Journey to Excellence

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The Journey Continue

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Since the initial rollout of the Journey to Excellence 2.0 report at ASDASA 2021, work has continued developing resources, materials, and programs related to Journey to Excellence. In the coming months, there will be many additions to this website related to Standards Based Education, Mental Health, Accreditation, Leadership, and Continuous Improvement.

One of the most significant points learned during this extended development time is that education was never meant to be a point of arrival but a description of an eternal exploration and expansion of understanding. An Educators participation in learning is ultimately a story that started in Genesis, and its continuation is described at the end of Revelation as we continue learning more about the Creator and His creation forever.

Components of Accountability

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The North American Division Office of Education has voted to work collaboratively on a researched-based, meaningful accountability model. This accountability model is framed in this document to provide a systematic process to guide continuous improvement. The conceptual framework is based on a review of research on effective education accountability systems (Bae, 2018; Jimenez & Sargrad, 2017; Marion, 2016; Martin, Sargrad & Batel , 2016; Woods, 2018).

Accountability models can serve many purposes, including sharing information, measuring progress toward shared goals and supporting greater educational equity. This conceptual framework is built on an accountability system that is designed to be meaningful for our schools. It includes measures for student success, accountability of leadership, a development of systems for supporting schools and administrators; tools for assessment and accountability; standards for engagement of stakeholders and goals for continuous improvement.

Curriculum, instruction, assessment and professional learning are critical success indicators for school systems. All levels of system operation have to link back to improvement of student achievement. High expectations must be in place for school system leaders, principals, teachers, students and their parents.

The NAD recognizes that not every school will have unique goals and timelines for implementing this framework. The goal of this accountability outline is to create a common language, similar expectations, and a standardized sample priority reporting system.

Guth et al., adroitly puts it this way, “assessment in and of itself does not constitute a standards-based accountability system. Assessments must be aligned with content standards and designed to measure progress toward them. Moreover, a strong accountability system must work to build the capacity of teachers to implement content standards at the classroom level and should include incentives for the continuous improvement of performance not only at the level of the individual student but also at the level of the school”.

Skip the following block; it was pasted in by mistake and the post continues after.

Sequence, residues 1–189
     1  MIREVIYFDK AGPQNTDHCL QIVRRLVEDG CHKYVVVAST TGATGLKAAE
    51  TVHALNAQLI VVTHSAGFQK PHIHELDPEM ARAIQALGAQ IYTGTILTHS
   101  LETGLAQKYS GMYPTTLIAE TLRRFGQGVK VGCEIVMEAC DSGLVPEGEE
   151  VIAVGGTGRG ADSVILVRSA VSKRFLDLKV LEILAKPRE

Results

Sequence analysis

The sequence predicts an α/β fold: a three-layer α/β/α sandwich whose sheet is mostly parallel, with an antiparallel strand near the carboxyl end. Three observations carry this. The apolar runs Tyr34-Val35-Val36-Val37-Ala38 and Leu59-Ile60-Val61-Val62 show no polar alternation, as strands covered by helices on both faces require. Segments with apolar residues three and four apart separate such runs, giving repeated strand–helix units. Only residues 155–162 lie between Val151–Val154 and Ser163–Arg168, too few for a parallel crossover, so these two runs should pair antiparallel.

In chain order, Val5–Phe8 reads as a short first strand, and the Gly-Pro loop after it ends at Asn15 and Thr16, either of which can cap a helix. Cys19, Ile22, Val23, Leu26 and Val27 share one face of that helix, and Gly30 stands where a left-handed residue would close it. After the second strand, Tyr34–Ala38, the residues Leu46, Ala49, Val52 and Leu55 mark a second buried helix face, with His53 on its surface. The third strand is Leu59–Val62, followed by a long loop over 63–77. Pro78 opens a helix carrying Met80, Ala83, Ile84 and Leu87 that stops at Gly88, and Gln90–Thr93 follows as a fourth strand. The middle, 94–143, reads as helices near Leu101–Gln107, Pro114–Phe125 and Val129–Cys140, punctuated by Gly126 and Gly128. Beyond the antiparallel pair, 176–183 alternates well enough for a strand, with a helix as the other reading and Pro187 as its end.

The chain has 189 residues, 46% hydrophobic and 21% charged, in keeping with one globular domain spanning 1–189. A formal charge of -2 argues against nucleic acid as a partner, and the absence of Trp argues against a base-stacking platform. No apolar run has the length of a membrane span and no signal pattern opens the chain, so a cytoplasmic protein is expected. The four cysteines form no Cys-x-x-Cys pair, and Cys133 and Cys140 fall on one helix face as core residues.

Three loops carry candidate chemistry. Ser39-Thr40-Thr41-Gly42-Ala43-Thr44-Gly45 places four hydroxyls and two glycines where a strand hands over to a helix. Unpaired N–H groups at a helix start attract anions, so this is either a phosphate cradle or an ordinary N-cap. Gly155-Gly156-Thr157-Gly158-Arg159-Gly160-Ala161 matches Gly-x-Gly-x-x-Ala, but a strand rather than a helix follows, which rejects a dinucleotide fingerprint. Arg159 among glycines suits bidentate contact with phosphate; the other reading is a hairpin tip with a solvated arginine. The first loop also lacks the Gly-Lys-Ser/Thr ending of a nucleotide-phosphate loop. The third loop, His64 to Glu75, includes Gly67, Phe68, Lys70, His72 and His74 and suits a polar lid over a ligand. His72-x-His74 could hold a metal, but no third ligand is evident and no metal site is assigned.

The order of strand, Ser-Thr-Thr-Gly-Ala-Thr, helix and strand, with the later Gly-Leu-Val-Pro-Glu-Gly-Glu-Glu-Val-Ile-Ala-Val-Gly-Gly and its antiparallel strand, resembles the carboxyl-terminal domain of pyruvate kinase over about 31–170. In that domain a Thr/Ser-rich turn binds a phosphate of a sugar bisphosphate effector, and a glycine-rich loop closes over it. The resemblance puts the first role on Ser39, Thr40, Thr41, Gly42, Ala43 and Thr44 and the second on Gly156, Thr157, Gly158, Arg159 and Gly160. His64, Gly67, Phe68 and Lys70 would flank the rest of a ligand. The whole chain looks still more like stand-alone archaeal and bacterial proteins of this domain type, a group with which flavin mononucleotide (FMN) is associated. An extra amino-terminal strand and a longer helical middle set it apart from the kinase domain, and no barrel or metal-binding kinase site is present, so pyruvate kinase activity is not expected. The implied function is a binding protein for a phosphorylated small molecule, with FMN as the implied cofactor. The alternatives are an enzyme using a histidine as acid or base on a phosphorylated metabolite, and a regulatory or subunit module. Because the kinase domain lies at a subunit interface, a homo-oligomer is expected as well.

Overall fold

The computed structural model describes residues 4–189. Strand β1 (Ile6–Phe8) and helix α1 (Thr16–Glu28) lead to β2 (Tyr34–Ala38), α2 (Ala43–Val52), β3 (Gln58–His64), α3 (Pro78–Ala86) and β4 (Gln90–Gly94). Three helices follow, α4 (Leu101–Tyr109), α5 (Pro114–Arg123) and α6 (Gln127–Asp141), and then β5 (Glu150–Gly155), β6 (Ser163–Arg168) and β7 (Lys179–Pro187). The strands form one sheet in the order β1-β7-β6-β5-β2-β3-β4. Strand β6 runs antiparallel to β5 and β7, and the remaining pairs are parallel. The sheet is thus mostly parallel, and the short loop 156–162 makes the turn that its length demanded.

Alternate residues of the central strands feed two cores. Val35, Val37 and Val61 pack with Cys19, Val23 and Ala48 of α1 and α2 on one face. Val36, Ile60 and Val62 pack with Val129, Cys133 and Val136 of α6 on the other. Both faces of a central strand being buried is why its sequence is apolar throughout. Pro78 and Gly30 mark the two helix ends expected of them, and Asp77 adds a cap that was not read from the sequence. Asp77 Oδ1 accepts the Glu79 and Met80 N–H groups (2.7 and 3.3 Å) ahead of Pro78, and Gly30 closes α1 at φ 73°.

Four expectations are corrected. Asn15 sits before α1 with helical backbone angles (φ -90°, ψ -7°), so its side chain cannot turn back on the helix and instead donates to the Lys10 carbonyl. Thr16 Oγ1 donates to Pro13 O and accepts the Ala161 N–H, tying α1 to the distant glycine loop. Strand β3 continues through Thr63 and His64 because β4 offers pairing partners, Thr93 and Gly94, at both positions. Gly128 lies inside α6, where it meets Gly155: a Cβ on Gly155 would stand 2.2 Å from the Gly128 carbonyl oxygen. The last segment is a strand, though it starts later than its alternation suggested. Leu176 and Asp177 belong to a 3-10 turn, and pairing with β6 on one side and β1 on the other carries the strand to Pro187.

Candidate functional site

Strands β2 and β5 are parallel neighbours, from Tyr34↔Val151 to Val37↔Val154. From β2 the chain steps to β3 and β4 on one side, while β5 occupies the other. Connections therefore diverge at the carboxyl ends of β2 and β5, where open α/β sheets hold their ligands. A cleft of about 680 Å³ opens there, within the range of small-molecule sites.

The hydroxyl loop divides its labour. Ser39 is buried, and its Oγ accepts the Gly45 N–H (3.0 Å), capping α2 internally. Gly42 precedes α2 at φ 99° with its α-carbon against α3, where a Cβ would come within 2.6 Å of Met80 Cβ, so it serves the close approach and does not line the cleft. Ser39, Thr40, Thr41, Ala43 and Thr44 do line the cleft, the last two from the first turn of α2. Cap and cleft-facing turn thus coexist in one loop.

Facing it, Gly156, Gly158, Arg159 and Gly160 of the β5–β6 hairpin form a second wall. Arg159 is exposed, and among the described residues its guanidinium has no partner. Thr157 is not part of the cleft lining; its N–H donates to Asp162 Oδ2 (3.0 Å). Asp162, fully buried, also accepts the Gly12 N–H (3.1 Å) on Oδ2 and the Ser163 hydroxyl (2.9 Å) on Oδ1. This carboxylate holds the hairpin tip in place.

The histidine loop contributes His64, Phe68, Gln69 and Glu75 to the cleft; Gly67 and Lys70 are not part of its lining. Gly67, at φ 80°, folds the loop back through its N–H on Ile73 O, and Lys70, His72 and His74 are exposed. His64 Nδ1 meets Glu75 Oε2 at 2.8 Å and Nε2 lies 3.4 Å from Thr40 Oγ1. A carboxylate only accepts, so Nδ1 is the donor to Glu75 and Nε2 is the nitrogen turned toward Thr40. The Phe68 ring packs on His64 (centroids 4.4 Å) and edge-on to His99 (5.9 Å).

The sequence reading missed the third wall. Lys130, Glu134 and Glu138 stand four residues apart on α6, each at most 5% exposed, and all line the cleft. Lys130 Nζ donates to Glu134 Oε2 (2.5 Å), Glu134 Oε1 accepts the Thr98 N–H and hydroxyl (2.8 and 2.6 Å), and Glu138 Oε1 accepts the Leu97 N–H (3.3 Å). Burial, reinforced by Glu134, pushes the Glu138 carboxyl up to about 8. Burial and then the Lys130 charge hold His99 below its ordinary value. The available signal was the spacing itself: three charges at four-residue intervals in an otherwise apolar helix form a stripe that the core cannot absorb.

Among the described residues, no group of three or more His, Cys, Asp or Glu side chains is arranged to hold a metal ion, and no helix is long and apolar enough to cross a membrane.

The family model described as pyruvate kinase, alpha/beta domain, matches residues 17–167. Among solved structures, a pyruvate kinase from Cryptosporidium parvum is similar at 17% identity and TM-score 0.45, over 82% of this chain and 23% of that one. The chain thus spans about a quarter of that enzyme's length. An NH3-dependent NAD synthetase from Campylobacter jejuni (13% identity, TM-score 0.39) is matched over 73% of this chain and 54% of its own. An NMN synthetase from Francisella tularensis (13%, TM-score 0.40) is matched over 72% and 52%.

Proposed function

This framework is designed to create an effective accountability system where the components are not standing alone but are connected and work together to produce the desired outcome – the highest levels of excellence in our schools, while engaging in an ongoing relationship with Jesus.

“The source of [true] education is brought to view in these inspired words that point to the Infinte One: In Him “are hidden all the treasures of wisdom and knowledge.” Colossians 2:3. The world has had its great teachers, men and women of giant intellect and extensive research, people who have stimulated thought and opened to view vast fields of knowledge. But there is One who stands higher than they. As heavenly bodies in our solar system shine by the reflected light of the sun, so, as far as their teaching is true, do the world’s great thinkers reflect the rays of the Sun of Righteousness. Every gleam of thought, every flash of the intellect, is from the Light of the World.” Education p. 14

Central to this conceptual framework is the mission and purpose of Adventist Education. Adventist education strives to combine spiritual growth, academic excellence and to prepare students for the demands of an innovative educational vision that provides the intellectual agility, flexibility, and creativity needed to succeed across various social and professional settings.

“It is his [the true teacher] ambition to inspire them with principles of truth, obedience, honor, integrity, and purity—principles that will make them a positive force for the stability and uplifting of society. He desires them, above all else, to learn life’s great lesson of unselfish service.” Education, p. 29-30.